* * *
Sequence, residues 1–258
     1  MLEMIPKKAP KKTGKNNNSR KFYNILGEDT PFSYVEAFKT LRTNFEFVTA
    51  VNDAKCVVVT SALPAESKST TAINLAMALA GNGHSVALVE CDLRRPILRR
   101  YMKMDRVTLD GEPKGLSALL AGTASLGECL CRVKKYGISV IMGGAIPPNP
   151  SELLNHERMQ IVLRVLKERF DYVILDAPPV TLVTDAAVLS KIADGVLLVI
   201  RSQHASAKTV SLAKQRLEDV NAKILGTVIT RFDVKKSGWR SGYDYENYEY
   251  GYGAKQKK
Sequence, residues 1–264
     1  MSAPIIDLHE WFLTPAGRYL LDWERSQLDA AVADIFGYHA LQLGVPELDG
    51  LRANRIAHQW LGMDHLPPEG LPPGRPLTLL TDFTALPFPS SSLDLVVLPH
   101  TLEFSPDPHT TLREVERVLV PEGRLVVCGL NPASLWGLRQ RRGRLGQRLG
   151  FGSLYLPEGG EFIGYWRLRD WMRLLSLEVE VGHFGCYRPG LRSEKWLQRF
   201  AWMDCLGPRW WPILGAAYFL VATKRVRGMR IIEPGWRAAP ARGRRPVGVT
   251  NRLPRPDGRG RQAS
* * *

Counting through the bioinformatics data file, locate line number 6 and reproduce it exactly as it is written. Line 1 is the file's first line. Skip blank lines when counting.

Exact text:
   201  RSQHASAKTV SLAKQRLEDV NAKILGTVIT RFDVKKSGWR SGYDYENYEY